West Indies v South Africa, 3rd Test, Barbados, 4th day June 29, 2010

Clinical South Africa wrap up series 2-0

South Africa 346 (Prince 78*, de Villiers 73, Benn 6-81) and 49 for 3 (Amla 27, Roach 3-22) beat West Indies 231 (Bravo 61, Botha 4-56, Steyn 3-37) and 161 (Chanderpaul 71*, Morkel 3-33, Steyn 3-36) by seven wickets
Scorecard and ball-by-ball details
How they were out

South Africa inflicted a dispiriting series loss on West Indies at a venue that was once the home team's fortress and finished the bilateral tour unbeaten. Shivnarine Chanderpaul's hopes of compiling a competitive lead on the fourth morning were quashed by a menacing spell from Morne Morkel, who cut through the West Indies tail to ensure a quick end to their resistance.

Chanderpaul had stood firm amid West Indies' capitulation on the third day, and taken his team into the lead with support from Shane Shillingford, who was dismissed shortly before stumps. The men who followed, though, were unable to put up a fight.

Morkel attacked Sulieman Benn from round the wicket, getting the ball to move both ways and troubling the left-hander who played and missed often. He was ultimately done in by one that nipped back in sharply to break through his defences and send the off stump cartwheeling. Kemar Roach followed soon after, edging a drive to Mark Boucher after a series of short balls.

Chanderpaul had shown confidence in the tail, not hesitating to pick singles early in the over, but was left watching as his partners fell quickly. The debutant Brandon Bess poked a short-of-length delivery to slip, as Morkel polished off the tail in three overs, leaving South Africa just 47 to chase. Roach displayed plenty of aggression, nipping out three wickets, striking Graeme Smith on the neck with a bouncer, and even getting involved in an extended verbal exchange with Jacques Kallis. But the game was over and done with.

The West Indies captain Chris Gayle had called on his batsmen to shoulder more responsibility during his team's 5-0 debacle in the one-dayers. However, some of those who did play the Test series failed to fulfil to their role. Dale Richards, drafted in for this Test in place of Travis Dowlin, conceded his wicket cheaply in both innings, playing across the line to be trapped plumb, and spooning a catch off a needless pull.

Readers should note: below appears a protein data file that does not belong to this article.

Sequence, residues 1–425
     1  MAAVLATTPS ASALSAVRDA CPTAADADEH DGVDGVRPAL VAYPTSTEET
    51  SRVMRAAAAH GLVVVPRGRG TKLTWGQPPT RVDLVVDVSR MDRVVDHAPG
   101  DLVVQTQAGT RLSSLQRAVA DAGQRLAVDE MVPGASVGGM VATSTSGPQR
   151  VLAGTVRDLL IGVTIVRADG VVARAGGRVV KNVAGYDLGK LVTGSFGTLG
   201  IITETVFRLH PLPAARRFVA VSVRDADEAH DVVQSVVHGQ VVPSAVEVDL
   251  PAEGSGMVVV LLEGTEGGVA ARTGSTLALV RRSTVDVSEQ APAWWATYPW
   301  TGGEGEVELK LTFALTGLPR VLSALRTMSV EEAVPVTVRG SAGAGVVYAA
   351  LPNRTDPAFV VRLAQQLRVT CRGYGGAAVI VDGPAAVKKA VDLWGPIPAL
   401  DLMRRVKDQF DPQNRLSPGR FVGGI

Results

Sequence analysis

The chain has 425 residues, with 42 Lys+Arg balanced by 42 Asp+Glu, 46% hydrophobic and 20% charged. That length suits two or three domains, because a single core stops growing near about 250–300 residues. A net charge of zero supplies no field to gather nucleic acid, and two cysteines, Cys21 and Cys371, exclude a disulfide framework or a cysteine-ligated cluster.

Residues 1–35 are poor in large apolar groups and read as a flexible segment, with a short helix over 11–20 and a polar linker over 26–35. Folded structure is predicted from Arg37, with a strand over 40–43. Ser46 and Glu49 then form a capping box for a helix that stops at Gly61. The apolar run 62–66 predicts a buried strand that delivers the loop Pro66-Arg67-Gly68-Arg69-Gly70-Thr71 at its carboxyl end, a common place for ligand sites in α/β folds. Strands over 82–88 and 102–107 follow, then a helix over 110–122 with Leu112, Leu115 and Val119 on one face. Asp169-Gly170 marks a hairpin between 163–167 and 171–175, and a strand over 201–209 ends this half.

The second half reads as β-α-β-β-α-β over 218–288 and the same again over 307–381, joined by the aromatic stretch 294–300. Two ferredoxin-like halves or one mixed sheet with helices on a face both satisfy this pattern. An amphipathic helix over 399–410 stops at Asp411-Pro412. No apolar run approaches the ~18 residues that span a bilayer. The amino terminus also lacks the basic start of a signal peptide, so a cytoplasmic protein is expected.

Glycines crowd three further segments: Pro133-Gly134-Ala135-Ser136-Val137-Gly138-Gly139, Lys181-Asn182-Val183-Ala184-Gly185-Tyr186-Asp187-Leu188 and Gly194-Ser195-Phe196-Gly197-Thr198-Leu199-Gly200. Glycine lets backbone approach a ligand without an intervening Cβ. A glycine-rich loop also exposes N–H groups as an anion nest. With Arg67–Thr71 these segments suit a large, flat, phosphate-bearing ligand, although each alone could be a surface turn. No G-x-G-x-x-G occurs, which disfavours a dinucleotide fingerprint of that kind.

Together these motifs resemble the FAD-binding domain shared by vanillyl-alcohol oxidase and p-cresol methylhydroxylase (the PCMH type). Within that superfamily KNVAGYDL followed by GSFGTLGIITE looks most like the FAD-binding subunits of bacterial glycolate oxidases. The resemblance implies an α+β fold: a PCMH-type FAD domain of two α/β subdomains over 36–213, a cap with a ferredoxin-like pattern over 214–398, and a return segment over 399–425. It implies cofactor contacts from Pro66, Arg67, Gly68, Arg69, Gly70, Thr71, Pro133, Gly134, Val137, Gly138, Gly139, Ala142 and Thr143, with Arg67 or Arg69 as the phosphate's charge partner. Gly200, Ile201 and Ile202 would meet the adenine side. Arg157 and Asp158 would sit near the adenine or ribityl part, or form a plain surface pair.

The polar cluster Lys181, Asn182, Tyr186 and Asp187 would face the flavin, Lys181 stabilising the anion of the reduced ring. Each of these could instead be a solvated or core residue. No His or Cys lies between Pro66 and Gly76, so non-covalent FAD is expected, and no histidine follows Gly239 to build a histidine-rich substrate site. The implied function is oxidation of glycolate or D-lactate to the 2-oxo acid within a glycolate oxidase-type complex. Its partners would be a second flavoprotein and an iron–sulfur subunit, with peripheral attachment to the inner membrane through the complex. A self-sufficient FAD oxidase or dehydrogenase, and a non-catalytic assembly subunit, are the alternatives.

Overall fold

More worrying would be the case of Narsingh Deonarine. He had looked solid in the first innings before, inexplicably, switching to an aggressive approach to be bowled. In the second, he played a reckless drive first ball to offer a catch to short cover. Equally irresponsible was the dismissal of Denesh Ramdin, the former vice-captain, who slashed a wide delivery to the keeper in the second innings.

Though South Africa's pace attack had far more venom, the battle in the spin department was more evenly contested with each of the four frontline spinners in this Test extracting assistance from a gradually deteriorating track. The move to pick a spinner, Johan Botha, in place of left-arm seamer Lonwabo Tsotsobe, proved decisive for the visitors. And the seamers Dale Steyn and Morkel, on a pitch that was of lesser benefit to them than the slow bowlers, varied their lengths superbly, ruffling up the batsmen with the short deliveries and creating the temptation to play by pushing the odd one fuller.

But while South Africa, with more assuredness in their batting and a generally superior outfit, were favourites throughout, their task was made easier by the reckless approach adopted by their opponents.

Siddhartha Talya is an editorial assistant at Cricinfo